The Toasters

The Toasters

Don’t Let the Bastards Grind You Down

Moon Ska

The Toasters have been in the ska business longer than anyone in the US. Period. Seventeen years ago, nobody else was playing ska in the US. Seventeen years later, they’re still together and at it. If any band has earned the chance to rest on their laurels, surely it’s these guys. Thankfully, that isn’t what the Toasters have done on Don’t Let the Bastards Grind You Down. Quite to the contrary, this is possibly the Toasters best work since the now-classic Dub 56.

First of all, it’s important to give credit where it’s due: a couple of years ago, when vocalist Coolie Ranks left the band, his replacement, Jack Ruby, Jr., was met with heavy criticism. His work here should shut every last one of those critics’ mouths. He’s really come into his own, both as a singer and a toaster, as tracks like “Fire in My Soul” and especially “Wotay” clearly show. Anything the Toasters may have lost in this department has certainly been well-replaced.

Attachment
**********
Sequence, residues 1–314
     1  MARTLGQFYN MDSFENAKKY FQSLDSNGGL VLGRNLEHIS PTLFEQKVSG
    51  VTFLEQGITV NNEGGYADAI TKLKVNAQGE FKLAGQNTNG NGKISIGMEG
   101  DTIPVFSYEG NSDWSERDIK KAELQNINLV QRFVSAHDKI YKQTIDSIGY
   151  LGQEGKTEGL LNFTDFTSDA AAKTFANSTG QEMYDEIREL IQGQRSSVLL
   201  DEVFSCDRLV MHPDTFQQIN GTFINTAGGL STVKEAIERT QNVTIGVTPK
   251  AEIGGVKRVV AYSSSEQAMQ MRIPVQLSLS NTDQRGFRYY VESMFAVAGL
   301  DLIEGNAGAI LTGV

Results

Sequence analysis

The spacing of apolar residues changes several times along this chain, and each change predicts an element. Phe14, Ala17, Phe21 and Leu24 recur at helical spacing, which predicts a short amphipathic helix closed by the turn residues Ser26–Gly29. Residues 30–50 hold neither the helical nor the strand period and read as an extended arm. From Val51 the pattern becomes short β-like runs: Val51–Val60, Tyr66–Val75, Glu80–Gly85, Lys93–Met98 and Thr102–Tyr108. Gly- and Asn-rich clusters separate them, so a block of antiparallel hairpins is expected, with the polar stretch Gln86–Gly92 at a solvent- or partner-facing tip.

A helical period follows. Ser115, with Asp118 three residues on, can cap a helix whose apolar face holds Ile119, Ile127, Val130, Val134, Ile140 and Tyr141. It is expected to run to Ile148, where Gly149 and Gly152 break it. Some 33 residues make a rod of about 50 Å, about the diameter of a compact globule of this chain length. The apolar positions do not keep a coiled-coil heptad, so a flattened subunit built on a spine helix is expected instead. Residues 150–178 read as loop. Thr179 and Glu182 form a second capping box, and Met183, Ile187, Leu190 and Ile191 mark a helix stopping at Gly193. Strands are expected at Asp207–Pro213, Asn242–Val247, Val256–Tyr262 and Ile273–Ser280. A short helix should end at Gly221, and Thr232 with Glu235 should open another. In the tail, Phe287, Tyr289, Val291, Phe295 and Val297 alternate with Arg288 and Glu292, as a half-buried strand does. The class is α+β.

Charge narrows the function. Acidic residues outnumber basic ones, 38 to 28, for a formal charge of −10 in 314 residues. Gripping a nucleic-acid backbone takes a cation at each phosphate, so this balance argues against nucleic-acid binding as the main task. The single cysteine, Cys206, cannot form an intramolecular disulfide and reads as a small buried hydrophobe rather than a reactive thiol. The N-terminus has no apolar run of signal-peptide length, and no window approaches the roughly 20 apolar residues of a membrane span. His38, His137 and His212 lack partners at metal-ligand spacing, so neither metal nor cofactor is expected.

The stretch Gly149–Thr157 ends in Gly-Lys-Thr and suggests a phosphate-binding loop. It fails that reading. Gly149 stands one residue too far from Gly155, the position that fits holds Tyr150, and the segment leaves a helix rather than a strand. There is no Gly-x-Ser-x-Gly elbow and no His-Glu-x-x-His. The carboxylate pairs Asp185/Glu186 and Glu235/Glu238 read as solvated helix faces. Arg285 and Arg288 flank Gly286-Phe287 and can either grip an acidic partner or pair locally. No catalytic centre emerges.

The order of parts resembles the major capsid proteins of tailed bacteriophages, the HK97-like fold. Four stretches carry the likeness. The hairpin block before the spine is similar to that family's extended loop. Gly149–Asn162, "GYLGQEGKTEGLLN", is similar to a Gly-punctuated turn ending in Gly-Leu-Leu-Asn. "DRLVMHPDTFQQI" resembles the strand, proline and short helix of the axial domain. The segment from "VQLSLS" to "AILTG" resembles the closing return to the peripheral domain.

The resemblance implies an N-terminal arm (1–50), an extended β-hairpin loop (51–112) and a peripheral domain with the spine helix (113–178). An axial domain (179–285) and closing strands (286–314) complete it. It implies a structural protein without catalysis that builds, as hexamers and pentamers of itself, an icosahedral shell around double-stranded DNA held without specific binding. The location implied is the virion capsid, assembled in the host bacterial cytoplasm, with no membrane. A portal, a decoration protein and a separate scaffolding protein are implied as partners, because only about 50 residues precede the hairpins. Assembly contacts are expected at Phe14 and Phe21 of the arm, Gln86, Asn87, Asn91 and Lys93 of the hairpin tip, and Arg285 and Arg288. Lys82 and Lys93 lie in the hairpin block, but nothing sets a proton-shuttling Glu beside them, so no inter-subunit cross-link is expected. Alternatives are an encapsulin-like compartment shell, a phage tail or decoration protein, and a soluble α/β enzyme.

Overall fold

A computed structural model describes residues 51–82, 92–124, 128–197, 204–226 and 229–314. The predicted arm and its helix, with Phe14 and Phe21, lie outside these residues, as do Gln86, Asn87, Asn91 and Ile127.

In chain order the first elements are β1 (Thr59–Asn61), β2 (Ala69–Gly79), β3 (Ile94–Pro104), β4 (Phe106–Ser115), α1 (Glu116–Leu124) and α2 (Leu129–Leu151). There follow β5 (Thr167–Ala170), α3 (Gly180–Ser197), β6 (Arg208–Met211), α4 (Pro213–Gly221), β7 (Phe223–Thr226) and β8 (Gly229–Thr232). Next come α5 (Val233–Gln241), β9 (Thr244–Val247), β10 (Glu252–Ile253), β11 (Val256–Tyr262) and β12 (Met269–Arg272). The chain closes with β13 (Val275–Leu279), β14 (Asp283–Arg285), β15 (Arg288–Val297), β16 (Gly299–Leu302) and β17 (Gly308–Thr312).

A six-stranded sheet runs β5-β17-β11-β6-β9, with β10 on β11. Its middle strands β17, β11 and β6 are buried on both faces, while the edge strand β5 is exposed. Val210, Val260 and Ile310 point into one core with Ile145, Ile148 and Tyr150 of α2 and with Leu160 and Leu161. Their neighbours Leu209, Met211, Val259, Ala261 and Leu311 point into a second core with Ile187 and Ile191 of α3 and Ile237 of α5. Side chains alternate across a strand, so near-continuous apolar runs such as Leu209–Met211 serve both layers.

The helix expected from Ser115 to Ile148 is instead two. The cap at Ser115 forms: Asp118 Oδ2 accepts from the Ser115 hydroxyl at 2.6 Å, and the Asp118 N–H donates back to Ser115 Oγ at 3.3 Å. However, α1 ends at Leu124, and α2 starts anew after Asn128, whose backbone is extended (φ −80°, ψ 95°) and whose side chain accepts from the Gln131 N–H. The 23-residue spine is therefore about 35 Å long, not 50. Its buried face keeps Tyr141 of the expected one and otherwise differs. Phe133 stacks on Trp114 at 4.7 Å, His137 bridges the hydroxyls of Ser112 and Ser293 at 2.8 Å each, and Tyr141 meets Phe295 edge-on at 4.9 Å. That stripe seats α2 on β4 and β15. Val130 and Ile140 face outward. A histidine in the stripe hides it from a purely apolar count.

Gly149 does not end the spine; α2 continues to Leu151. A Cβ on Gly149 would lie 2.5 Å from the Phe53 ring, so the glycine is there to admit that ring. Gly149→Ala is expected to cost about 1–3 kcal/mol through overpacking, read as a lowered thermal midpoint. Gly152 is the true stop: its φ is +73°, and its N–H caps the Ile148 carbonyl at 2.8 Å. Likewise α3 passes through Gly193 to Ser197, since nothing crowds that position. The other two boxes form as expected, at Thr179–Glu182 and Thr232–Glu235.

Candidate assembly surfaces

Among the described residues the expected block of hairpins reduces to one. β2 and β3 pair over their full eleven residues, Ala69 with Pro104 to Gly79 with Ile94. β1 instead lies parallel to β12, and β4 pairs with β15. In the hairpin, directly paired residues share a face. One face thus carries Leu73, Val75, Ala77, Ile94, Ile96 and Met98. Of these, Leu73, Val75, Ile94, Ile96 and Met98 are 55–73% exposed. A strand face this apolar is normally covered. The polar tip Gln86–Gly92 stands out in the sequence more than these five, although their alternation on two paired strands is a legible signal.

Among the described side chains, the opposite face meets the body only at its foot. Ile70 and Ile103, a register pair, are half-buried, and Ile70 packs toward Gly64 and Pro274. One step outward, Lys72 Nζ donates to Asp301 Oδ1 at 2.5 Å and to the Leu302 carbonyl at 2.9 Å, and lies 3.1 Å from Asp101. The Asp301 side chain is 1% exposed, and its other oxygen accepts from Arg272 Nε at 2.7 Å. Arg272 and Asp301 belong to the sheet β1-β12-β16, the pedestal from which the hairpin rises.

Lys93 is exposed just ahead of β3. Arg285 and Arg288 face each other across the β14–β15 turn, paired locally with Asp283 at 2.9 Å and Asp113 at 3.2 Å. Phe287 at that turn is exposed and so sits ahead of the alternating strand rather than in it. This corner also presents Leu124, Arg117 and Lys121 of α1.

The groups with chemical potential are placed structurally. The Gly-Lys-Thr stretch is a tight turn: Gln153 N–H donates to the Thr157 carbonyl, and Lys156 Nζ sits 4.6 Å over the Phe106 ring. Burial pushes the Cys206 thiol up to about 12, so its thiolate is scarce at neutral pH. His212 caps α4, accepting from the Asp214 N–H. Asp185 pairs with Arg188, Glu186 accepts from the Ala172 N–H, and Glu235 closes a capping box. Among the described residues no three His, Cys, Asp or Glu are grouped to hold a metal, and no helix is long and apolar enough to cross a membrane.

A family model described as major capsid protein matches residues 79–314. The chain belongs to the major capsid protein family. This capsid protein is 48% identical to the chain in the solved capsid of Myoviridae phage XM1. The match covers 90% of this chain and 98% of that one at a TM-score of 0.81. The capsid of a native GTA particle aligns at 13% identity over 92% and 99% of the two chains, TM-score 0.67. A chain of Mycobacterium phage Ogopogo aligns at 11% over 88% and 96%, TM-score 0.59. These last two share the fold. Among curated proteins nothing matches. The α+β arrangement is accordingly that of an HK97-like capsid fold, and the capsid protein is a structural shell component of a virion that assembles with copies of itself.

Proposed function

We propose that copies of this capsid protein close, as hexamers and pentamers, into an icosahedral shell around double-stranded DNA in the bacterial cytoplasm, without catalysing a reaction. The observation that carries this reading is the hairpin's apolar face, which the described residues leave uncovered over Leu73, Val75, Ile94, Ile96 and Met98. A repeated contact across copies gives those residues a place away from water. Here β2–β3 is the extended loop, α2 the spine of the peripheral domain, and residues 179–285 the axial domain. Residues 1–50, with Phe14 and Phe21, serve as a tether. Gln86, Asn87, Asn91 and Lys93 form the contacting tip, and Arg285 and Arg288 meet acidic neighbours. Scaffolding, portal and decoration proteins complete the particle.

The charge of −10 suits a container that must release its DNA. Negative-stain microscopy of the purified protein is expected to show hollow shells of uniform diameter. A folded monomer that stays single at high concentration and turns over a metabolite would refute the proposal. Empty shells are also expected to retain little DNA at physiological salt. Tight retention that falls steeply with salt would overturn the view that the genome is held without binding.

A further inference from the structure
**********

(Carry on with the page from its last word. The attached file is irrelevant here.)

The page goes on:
Having said that, D.L.T.B.G.Y.D. is classic Toasters from start to finish. The title track and “Devil and a .45” are good old-fashioned foot stompers featuring the unmistakable vocals of Rob “Bucket” Hingley. In addition to his incomparable trumpet work throughout the disc, The Sledge, the smoothest man in the universe, adds his amazing vocal talents to a cover of Spencer Davis’ “Gimme Some Lovin'” as well as his own bluesy original, “Rude, Rude Baby” (my personal favorite track). “Today’s a Good Day” is a soulful romp. In fact, the album’s sole misstep is the newly-recorded version of their old favorite “Weekend in L.A.,” which was nearly perfect before, and didn’t need to be tampered with.

In short, Don’t Let the Bastards Grind You Down is the Toasters’ best work in some time. Provided they keep putting out stuff of this caliber, here’s to another seventeen years! Moon SKA NYC, P.O. Box 1412, Cooper Station, New York, NY 10276;

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